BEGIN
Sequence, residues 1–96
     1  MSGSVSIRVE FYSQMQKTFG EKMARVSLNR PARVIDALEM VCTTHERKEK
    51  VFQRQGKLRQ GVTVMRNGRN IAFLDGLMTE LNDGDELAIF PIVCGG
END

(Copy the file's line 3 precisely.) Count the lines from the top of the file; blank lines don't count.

    51  VFQRQGKLRQ GVTVMRNGRN IAFLDGLMTE LNDGDELAIF PIVCGG